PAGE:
Failure is a part of food production. And your children need to know that.
They need to understand that failure is natural with gardening, and that when they fail it does not mean they are a failure as well. Kids need encouragement. Our children need to know that they can grow their own food, that life can throw curve balls, and that they can adapt to the situation.
Education through experience
Learning food production isn’t just about book knowledge – it’s about hands-on experience as well. As you gear up for planting your garden this year, think about that. Can you find ways to get your kids more involved? Can you find ways to get them engaged in the process of learning to be self-sufficient?
Your children depend upon you. Are you teaching them what they need to know?
Be safe, and stay tuned!
Source: The Organic Prepper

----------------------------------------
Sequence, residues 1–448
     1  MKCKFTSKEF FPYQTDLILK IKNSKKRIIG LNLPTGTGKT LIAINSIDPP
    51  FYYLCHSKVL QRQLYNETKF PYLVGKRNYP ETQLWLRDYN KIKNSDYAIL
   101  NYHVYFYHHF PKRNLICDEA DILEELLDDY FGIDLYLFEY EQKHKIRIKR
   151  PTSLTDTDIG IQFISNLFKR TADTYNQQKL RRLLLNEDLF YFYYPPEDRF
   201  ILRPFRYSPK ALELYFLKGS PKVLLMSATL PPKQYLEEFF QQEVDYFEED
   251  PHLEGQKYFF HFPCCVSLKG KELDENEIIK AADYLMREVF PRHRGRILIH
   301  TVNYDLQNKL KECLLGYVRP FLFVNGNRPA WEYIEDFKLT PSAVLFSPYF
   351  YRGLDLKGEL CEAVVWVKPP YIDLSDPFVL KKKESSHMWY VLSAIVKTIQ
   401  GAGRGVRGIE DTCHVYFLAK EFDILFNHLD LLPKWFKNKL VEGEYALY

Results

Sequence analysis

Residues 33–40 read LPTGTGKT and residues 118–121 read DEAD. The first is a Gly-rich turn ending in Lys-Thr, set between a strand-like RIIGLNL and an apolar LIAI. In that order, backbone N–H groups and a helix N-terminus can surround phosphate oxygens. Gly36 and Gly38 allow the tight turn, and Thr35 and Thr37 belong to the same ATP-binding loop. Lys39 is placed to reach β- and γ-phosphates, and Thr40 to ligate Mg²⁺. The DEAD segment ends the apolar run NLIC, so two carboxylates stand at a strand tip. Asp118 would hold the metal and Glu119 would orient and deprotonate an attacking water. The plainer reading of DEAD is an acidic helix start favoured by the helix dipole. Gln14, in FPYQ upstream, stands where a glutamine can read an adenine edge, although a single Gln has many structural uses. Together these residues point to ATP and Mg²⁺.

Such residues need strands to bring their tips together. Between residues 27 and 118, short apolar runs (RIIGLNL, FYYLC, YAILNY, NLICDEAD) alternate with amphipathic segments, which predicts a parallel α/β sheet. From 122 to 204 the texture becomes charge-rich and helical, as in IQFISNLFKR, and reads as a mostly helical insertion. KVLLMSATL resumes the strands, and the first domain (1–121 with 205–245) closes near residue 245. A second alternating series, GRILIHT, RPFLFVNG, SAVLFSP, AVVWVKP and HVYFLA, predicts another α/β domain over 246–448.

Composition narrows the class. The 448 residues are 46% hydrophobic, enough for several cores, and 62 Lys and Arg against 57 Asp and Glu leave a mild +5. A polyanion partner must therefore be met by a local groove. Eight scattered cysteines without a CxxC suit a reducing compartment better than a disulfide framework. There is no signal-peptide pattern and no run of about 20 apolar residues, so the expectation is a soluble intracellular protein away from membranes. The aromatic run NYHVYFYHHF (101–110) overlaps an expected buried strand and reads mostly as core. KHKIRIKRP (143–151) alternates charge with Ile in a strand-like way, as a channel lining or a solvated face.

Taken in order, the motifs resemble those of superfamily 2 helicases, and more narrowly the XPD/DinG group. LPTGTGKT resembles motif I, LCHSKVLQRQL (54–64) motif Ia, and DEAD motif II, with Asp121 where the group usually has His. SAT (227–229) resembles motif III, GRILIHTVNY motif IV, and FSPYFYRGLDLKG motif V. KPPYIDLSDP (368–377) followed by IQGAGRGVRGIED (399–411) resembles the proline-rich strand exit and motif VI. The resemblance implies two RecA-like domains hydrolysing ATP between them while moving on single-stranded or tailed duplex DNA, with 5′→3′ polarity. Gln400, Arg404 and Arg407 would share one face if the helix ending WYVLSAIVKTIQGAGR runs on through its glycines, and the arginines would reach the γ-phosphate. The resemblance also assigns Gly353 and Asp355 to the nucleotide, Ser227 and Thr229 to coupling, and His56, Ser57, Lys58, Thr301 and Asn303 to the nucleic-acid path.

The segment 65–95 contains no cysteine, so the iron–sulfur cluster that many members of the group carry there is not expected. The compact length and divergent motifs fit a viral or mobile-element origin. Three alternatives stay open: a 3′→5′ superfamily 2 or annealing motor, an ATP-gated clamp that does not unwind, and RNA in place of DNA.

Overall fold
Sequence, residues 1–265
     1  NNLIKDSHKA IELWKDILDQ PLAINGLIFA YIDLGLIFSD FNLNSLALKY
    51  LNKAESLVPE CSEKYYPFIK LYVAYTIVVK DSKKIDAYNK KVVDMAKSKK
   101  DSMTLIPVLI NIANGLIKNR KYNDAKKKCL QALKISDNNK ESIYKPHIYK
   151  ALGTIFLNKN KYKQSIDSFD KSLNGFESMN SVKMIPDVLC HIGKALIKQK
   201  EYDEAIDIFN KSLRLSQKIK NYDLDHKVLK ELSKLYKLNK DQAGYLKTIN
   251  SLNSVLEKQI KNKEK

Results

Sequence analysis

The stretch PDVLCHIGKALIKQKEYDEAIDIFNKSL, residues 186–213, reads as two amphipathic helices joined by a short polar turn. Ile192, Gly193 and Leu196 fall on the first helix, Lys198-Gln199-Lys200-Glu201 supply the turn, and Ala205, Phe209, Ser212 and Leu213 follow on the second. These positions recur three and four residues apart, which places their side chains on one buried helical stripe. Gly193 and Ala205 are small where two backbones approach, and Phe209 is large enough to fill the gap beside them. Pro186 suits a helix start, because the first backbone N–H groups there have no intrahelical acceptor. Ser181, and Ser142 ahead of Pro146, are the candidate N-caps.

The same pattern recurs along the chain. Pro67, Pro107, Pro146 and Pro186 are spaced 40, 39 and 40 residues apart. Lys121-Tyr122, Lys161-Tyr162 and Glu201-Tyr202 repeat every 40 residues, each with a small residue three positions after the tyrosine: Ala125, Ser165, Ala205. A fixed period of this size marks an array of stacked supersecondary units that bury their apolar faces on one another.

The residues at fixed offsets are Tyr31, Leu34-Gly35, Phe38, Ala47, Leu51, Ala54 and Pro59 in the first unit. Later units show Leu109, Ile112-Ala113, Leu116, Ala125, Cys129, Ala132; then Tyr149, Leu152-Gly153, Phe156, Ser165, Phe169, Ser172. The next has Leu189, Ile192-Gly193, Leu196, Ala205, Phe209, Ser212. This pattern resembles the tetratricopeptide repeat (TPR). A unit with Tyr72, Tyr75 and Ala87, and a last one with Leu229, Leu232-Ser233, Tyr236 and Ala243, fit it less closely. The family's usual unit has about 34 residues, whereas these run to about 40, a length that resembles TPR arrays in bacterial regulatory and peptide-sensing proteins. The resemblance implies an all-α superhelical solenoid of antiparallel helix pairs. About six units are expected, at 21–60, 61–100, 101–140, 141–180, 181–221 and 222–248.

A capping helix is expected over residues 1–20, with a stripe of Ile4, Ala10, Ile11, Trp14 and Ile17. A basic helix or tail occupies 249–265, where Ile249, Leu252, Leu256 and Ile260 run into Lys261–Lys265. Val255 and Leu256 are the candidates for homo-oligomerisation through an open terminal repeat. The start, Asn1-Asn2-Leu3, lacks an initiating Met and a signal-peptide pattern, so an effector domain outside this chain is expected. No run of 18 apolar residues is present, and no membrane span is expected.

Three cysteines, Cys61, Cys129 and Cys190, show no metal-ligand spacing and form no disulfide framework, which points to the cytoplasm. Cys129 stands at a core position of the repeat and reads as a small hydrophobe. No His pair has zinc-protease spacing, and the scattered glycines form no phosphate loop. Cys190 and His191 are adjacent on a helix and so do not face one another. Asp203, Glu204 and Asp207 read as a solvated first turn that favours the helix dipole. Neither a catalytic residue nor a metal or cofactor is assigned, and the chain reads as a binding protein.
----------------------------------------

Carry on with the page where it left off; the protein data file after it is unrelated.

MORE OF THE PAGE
Jose is an upper middle class professional. He is a former worker of the oil state company with a Bachelor’s degree from one of the best national Universities. He has an old but in good shape SUV, a good 150 square meters house in a nice neighborhood, in a small but (formerly) prosperous city with two middle size malls. Jose is a prepper and shares his eyewitness accounts and survival stories from the collapse of his beloved Venezuela. Jose and his younger kid are currently back in Venezuela, after the intention of setting up a new life in another country didn’t go well. The SARSCOV2 re-shaped the labor market and South American economy so he decided to give it a try to homestead in the mountains, and make a living as best as possible. But this time in his own land, and surrounded by family, friends and acquaintances, with all the gear and equipment collected, as the initial plan was.